White wolf created its own niche witht he vampire/hunter/werewolf games. To totally dimiss the idea of the goth thing not making a difference is absurd to me.
In that case, why is Adventure! such a high-selling system of White Wolf? (Maybe not high enough to activate supplements, but if I recall, it still did quite well). The only angst visible in that setting is Dr. Primoris, and even then, it's not goth-angst, it's pulp-angst. It's also not medieval fantasy. It's just Hope incarnate.

Also, Note that when Trinity was first released, there were attackers who kept crying "VAMPIRE IN SPACE!!!". As it turned out, Trinity became far more. Maybe not the best setting they ever came out with, but the angst was minimal, the secrets not thrown into your face, and there was plenty around to use. And, in it's own way, worked hard to embody Unity.

Exalted also has less Angst. Exalted is literally a game of Gods, or at least being a weapon of them. You're supposed to be changing the world, that's what the Exalted do. There's no angsty goth shit, unless you want to be an Abyssal, and even then, it's not essential, merely inferred.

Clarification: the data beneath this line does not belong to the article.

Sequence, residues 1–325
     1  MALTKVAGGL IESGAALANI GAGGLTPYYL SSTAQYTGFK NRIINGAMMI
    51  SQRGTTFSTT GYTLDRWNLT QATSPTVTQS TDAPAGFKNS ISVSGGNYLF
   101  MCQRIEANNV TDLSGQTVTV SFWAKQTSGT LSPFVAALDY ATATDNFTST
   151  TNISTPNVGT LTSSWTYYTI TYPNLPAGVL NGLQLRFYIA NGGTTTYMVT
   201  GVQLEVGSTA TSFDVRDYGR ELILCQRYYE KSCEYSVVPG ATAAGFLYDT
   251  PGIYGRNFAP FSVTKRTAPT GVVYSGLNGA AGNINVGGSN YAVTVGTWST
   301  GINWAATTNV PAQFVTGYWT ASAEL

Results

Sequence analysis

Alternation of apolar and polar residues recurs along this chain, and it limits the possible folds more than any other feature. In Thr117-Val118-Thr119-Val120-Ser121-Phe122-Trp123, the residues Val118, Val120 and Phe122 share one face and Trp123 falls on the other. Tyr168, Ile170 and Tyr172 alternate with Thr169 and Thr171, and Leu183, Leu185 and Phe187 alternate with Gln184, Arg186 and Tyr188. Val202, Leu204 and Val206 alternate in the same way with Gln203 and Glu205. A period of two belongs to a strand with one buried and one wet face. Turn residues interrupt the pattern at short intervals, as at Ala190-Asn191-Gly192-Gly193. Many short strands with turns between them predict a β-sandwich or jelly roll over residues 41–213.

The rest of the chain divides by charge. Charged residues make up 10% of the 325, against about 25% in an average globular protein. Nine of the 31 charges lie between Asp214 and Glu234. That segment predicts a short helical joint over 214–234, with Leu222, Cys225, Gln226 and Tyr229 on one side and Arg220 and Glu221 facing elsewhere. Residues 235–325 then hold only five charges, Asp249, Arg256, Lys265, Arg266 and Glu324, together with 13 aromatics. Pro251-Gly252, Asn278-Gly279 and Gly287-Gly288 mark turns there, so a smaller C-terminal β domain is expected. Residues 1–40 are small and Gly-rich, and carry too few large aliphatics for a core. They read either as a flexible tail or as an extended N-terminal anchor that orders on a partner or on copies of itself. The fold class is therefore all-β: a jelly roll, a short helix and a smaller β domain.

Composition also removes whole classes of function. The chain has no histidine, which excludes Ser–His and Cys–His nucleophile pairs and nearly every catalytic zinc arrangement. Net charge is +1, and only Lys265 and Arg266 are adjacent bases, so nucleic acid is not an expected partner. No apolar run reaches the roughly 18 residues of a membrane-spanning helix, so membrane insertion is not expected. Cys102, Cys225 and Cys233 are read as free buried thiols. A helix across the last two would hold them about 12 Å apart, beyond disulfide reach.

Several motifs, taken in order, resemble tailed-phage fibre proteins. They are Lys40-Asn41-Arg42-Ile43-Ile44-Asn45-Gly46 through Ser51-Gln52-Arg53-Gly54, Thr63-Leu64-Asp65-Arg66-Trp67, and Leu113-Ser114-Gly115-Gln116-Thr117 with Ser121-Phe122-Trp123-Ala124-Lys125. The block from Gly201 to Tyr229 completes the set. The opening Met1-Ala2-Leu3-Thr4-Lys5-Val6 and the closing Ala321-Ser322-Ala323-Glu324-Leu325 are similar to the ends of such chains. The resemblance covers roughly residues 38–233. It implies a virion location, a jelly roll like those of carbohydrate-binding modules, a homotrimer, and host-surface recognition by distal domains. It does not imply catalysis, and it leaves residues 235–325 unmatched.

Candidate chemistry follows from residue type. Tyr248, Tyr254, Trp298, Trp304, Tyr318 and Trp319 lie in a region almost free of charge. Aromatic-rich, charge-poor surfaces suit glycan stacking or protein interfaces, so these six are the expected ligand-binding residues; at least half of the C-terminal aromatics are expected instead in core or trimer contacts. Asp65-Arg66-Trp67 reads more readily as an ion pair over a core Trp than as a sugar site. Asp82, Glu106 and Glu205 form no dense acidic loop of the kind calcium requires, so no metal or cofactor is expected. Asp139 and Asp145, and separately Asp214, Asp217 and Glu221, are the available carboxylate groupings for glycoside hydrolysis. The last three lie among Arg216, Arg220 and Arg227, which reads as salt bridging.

So, frankly, I don't believe you. White Wolf's World of Darkness series did not necessarily have that much of an impact on Aberrant. What I suspect is the case is that Aberrant was a game of Sacrifice, and I suspect the influence is just a little too pervasive within the game. Sacrifice is all well and good, but the heavy-handedness of it just gets to you after a while...


Quote:
PS_-pre-packaged adventures blow
There were a few that had potential, I'm not going to say they all blow. One of the main issues is that, especially in the first set, they were trying to make a range of modules that showcased the kind of stories they thought the setting was capable of making. I think they did a good job, even if the adventures themselves weren't off the highest quality.

And as a note, try reading one of the Nobilis pre-set adventures, either the LARP one or the one in the book - pre-packaged does not mean suckitude, by a long shot...